The growing coronavirus pandemic has drastically altered life for billions of people throughout the world, with large events and gatherings shut down, restrictions put in place on entertainment as well as dining and travel bans. WWE has already felt the impact of these changes by moving its weekly Raw and SmackDown television shows to the Performance Center in Orlando, and now WrestleMania -- the company's biggest show of the entire year -- will follow suit.
Monday afternoon, shortly before the first relocated Raw airs live on USA from the Performance Center, WWE announced the relocation of WrestleMania 36 to its training ground in Orlando.
"In coordination with local partners and government officials, WrestleMania and all related events in Tampa Bay will not take place," the WWE statement read. "However, WrestleMania will still stream live on Sunday, April 5 at 7 pm ET on WWE Network and be available on pay-per-view. Only essential personnel will be on the closed set at WWE's training facility in Orlando, Florida to produce WrestleMania."
The event, which was to be held at Raymond James Stadium on Sunday, April 5 in Tampa, has been in jeopardy since the virus began to quickly spread throughout the United States. While Tampa city officials originally left the ball in WWE's court as to the future of the event, recent reports indicated a new pressure from those same officials for WWE to cancel the event, following in the footsteps of other sporting and entertainment options.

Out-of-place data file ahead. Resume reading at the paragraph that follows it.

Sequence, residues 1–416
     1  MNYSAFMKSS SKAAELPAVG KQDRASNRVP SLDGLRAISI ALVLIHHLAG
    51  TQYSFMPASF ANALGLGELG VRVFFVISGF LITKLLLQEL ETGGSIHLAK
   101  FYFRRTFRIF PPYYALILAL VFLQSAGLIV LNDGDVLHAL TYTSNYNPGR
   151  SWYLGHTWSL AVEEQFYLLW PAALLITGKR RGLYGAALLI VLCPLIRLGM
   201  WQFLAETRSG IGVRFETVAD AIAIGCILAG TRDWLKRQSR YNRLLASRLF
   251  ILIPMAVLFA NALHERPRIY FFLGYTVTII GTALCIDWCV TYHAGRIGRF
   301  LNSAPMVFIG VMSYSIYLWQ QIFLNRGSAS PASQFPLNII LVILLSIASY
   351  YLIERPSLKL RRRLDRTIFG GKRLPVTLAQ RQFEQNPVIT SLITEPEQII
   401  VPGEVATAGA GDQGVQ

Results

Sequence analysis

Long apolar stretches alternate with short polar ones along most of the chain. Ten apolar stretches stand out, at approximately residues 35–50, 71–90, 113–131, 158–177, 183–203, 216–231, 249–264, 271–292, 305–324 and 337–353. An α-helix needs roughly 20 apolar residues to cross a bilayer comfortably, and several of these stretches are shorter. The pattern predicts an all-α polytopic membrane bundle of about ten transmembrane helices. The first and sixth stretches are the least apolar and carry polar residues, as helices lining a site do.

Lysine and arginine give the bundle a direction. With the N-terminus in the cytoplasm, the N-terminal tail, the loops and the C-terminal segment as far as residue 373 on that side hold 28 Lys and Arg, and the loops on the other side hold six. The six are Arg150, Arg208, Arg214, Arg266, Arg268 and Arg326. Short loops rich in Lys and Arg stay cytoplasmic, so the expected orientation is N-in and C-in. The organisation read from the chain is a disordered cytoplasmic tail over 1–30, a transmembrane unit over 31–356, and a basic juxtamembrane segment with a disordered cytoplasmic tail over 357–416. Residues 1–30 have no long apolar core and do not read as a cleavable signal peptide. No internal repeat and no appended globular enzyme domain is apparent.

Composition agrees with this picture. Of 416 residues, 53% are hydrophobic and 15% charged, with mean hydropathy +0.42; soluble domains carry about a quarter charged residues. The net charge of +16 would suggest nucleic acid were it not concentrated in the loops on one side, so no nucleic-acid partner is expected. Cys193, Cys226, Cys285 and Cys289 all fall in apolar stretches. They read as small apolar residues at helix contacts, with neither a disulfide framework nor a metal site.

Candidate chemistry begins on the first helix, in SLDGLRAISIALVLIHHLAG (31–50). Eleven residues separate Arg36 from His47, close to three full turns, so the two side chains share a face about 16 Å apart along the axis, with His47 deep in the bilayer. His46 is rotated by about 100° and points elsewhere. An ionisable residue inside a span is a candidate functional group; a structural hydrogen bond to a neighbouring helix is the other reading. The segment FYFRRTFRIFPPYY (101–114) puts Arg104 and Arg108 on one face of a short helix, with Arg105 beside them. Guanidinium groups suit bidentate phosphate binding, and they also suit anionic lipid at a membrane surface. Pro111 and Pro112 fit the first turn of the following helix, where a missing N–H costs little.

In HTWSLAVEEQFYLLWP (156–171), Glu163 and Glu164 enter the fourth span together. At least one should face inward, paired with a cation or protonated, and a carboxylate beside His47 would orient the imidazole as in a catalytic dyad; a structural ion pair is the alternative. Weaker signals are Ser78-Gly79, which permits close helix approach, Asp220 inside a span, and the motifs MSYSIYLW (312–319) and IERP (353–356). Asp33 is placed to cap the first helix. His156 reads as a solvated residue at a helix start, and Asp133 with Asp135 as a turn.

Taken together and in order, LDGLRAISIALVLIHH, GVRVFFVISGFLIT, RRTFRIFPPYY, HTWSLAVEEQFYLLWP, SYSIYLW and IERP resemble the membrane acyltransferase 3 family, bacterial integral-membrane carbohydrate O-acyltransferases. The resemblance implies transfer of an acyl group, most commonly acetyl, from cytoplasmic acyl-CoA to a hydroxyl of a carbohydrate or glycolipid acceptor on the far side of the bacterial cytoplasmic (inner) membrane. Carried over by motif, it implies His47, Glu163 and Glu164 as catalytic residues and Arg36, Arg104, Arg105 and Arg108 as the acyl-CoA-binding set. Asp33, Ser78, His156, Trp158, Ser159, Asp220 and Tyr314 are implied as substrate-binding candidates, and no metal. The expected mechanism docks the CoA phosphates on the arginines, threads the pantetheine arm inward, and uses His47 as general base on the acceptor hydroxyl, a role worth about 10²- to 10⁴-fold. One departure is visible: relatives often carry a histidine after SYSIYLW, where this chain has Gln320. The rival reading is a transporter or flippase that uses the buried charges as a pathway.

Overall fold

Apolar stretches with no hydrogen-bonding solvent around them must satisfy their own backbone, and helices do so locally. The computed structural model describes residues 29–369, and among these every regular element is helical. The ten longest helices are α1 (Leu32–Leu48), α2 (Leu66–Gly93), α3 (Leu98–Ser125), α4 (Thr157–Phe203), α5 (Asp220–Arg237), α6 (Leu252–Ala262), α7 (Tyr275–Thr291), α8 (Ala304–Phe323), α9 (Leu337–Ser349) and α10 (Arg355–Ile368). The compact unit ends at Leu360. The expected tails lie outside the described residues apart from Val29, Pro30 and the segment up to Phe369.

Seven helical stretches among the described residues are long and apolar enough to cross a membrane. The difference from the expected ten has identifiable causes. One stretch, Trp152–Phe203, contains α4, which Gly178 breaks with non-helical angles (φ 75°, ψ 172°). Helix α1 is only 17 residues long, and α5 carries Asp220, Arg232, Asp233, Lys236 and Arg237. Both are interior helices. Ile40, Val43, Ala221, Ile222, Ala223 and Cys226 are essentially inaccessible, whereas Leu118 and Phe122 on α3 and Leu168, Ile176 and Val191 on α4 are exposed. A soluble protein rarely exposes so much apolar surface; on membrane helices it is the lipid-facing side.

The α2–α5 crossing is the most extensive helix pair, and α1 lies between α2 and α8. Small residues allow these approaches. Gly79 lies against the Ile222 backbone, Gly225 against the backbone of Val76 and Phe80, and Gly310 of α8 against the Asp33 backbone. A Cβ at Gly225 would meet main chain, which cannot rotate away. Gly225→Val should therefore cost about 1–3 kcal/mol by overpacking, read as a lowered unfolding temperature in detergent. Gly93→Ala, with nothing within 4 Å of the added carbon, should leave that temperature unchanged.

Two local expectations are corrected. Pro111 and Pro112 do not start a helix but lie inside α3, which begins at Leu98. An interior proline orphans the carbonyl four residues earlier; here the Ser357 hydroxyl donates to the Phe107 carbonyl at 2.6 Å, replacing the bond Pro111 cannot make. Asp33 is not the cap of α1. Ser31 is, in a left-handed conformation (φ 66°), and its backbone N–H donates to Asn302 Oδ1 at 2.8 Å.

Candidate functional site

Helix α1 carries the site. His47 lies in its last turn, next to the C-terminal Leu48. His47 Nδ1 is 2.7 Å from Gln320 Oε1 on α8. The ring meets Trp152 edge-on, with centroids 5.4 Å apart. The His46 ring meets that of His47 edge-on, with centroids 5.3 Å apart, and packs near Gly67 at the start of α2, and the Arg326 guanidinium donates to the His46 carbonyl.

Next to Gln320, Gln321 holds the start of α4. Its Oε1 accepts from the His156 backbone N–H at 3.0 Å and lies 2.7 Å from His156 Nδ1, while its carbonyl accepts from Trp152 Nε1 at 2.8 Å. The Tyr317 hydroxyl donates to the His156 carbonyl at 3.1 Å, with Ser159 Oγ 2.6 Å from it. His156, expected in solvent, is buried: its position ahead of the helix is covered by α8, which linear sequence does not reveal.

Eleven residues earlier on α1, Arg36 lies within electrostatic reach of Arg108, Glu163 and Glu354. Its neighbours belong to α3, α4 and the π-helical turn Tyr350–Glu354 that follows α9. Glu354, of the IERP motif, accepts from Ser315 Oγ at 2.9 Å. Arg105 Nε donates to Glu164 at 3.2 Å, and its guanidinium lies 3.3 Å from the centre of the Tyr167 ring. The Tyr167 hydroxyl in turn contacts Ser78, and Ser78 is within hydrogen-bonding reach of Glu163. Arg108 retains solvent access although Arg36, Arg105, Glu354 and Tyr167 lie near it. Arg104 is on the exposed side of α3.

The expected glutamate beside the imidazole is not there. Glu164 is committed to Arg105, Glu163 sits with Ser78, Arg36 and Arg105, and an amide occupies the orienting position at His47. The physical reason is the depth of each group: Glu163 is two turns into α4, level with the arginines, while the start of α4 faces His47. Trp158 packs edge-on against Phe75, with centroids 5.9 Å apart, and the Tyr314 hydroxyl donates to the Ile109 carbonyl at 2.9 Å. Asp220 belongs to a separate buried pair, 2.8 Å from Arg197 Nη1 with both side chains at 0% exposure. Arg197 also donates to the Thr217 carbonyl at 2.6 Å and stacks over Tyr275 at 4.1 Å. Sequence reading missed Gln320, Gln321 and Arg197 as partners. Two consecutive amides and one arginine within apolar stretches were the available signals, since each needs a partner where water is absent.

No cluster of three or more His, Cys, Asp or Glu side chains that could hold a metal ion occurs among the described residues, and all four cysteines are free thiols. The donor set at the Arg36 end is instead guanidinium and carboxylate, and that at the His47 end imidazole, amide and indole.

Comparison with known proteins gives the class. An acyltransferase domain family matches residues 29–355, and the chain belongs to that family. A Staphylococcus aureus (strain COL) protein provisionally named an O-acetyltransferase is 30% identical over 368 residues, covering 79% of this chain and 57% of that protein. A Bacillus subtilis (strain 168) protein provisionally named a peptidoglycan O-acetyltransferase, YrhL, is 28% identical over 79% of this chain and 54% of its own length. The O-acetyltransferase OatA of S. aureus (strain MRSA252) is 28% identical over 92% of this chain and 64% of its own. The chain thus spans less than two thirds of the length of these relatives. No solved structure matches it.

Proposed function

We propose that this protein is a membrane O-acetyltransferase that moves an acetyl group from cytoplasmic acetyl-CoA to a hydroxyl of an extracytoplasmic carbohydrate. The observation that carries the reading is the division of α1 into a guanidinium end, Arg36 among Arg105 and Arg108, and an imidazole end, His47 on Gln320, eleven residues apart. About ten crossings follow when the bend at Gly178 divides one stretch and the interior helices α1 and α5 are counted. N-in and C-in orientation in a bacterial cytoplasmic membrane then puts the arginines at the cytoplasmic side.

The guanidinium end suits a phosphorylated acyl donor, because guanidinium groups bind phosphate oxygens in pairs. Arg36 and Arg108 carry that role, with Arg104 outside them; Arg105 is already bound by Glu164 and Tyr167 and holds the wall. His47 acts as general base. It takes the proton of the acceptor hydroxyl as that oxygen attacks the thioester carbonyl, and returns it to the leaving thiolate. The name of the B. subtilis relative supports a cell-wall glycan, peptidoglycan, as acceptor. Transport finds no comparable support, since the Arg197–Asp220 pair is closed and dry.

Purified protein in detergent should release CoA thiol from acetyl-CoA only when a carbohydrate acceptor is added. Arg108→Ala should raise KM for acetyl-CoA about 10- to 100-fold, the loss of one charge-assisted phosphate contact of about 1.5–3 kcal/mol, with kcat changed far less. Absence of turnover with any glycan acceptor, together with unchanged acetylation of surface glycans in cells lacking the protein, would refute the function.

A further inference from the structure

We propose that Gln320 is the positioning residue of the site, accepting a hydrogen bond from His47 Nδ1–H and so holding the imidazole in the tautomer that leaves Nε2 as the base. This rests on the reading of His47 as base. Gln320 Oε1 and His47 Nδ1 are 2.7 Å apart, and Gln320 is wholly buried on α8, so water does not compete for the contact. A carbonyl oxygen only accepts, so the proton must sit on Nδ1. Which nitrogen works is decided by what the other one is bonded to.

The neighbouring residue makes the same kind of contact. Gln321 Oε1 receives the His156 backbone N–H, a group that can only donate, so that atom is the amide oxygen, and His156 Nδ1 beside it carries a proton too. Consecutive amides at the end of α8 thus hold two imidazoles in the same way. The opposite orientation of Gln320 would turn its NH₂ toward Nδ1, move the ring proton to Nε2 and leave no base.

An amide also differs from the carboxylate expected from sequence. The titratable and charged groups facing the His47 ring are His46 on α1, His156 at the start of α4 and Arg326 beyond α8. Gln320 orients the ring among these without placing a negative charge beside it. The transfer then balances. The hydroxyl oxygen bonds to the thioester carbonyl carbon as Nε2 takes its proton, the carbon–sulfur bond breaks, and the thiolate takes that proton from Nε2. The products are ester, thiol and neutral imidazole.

While WrestleMania 36 will forge on, annual WrestleMania week staples NXT TakeOver and the WWE Hall of Fame induction ceremonies will not take place, according to a separate statement provided to CBS Sports.
"The WWE Hall of Fame Ceremony and NXT TakeOver will not take place as previously scheduled," the statement read. "We will share further details as they become available."
WrestleMania 36 was expected to bring in more than 70,000 fans to Raymond James Stadium at a time when the CDC has recommended any gathering of more than 50 people be canceled and President Donald Trump as recently as Monday advised limiting gatherings to 10 or fewer. WrestleMania has proven to be a major boost for the local economy with people flying from across the world for the event.
"Our community has waited 36 years to host WrestleMania and while we are saddened that this unforeseen situation has led us to today's announcement, this is totally the right call for the safety and security of everyone involved," a statement from Tampa Bay Local Organizing Committee read. "A huge thank you to all of our local leaders and our friends at the WWE, as we collectively worked through the unprecedented fluidity of the last few weeks. The Team Tampa Bay-WWE partnership has never been stronger."
Like recent and future Raw and SmackDown efforts, WrestleMania will take place without a crowd in attendance, a significant change from the massive atmosphere that usually accompanies the promotion's biggest event of the year. The event is headlined by Brock Lesnar defending his WWE championship against Drew McIntyre, WWE universal champion Goldberg putting the title up against Roman Reigns, John Cena vs. "The Fiend" Bray Wyatt and many more high-profile matches.
The move also carries with it significant impact to the independent wrestling scene, which has turned WWE's signature weekend into a wrestling wonderland, with tens of shows taking place in the host city over the weekend. After the announcement, AIW promoter John Thorne tweeted, calling the situation "a worst case scenario."
GCW promoter Brett Lauderdale, who, along with Joey Janela, created massive WrestleMania Weekend success "Joey Janela's Spring Break" and the follow-up gathering of independent promotions "The Collective" tweeted, "4 years of 24/7 wiped away. Heartbroken for everyone."